2.  Pick the Right Team.  It is important that founders surround themselves with people they trust to be committed to the venture and, most importantly, to produce quality results.  The start-up world is populated with many “flakes,” but the founders need to be able to trust that their associates will do what they commit to do.  I have seen this over and over.  People show up with visions of options and IPOs and foosball tables, but when it comes to actually working and producing results, enthusiasm and attendance fade.

3.  Know When to Step Aside.  Very often, the skills necessary to start a business are different from the skills needed to grow a business.  For example, founders often underestimate the importance of a skilled and talented sales person.  This is a skill set just as computer programming is a skill set, and they does not necessarily overlap.  In addition, managing an ongoing enterprise is much different than managing the birth of an enterprise.  A skilled manager can often be the difference between a hobby with some potential and a successful, growing business.

Startup Tips: Knowing When To Add Salespeople

When you work in the startup world, you see it over and over again.  A company has founders, a product and, maybe, some angel or friends and family investors.  It is time to get that product out the door and some cash in your pocket.

Many founders believe that their wonderful and innovative idea combined with their passion will explode into sales.  This is not always the case, particularly when your target market is other businesses.

Being an inventor, administrator, financier or (even) attorney is not the same thing as being a salesman.  Selling is a talent and a skill.  Not everyone is born with the ability to sell.  Not everyone has taken the time to develop this particular skill.  However, if your business depends on personal sales calls to buyers, whether they are end users or intermediaries, you may want to consider whether you should hire a dedicated salesperson.

Generally, when the product has been tested and is ready for entry into the market, it is a good time for the startup to have a committed salesperson on board.  Preferably that person would know the industry and show up with a ready-made contact list, as ‘Rolodex’ is so-old economy.  However, even a person who has sales experience and can understand the product will be preferable to an inventor or founder who may not have the right experience to turn an opportunity into revenue.

SEC Highlights Warnings About Unregistered Broker-Dealers in Private Oil And Gas Offerings

The SEC is taking notice of private oil and gas offerings and has increased its scrutiny of these deals. They have noted the recent increase in fraud cases for these deals at the federal and state levels. Thus, the SEC has released an Investor Alert for Private Oil and Gas Offerings. And the first thing they recommend to investors approached to invest?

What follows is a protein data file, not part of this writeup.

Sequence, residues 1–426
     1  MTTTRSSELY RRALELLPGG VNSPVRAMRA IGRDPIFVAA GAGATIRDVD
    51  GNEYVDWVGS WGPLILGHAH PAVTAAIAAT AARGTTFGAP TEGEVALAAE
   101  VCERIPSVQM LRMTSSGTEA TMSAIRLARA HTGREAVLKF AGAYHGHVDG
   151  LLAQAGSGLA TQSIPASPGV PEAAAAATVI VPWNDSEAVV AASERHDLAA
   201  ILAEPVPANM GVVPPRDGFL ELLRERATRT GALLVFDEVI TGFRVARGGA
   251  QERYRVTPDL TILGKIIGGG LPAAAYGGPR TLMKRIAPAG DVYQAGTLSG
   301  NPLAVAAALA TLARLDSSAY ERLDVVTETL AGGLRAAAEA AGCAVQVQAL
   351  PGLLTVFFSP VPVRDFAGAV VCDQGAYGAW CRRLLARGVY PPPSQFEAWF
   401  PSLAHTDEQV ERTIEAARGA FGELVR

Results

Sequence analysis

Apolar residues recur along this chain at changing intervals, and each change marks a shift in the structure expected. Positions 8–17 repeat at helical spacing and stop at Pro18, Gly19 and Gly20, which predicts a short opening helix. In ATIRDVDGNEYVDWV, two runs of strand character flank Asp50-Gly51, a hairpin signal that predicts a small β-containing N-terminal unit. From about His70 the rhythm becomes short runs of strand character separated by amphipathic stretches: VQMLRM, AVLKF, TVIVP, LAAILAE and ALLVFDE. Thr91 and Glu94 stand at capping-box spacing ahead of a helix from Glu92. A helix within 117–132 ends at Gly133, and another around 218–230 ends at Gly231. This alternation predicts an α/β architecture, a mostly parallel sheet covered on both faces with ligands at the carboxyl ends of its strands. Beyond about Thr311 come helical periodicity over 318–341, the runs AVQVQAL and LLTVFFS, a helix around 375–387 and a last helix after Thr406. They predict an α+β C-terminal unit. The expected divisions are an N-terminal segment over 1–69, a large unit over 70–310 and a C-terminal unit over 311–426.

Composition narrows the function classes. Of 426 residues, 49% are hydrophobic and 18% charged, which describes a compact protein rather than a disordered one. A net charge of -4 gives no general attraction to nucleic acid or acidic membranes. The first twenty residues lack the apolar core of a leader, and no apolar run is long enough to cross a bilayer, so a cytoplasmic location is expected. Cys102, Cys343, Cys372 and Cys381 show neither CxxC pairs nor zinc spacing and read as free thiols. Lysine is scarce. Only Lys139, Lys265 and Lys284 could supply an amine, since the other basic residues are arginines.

“Is the person recommending the investment registered? Most people offering you securities must be registered as a broker with the SEC and must be a member of the Financial Industry Regulatory Authority, or FINRA.”

The SEC cautions that being registered is not a seal of approval and that there may be conflicts of interest between the broker-dealer and the issuer.

In a general alert regarding the oil and gas industry, it is not surprising to find the SEC focused on the broker-dealer issue. Many advisors (including this writer) have been approached to sign off on an offering sales arrangement without a licensed broker-dealer with the explanation that:

  • “I do this all the time and it has never been a problem.”
  • “I am not acting as a broker-dealer, just a consultant who gets paid when the investment closes.”

Unfortunately for the would-be commission-eers, the SEC and state securities authorities do not share that analysis.

As the SEC said in the alert:

“If someone who is not registered solicits your investment, that person may be violating the law. One exception from broker registration is available to employees of the company offering the securities and who engage in strictly limited sales activities. If you aren’t consulting a registered broker or adviser, you should consider doing so. A registered broker or adviser that is familiar with the oil and gas industry and not connected to the offering can help you analyze the investment. Most importantly, working with a registered broker or investment adviser affords you certain legal protections.”

The SEC then illustrated benefits of using a licensed professional to assist in the investment decision:

Keep in mind that if the investment opportunity is an outright fraud, the written materials may look legitimate and every question you have about the opportunity may be answered to your satisfaction, but that doesn’t make any of it true. It is important to conduct your own independent research. One good way to do that may be to engage an investment professional specializing in oil and gas.”

It should be instructive to practitioners that in the course of a general industry investor alert, the SEC chose to highlight the risks of dealing with unlicensed broker-dealers. They are still clearly focused on this issue. Although some bad actors promote these deals, hoping to stay under the radar is a bad strategy for the promoter, issuer and investor.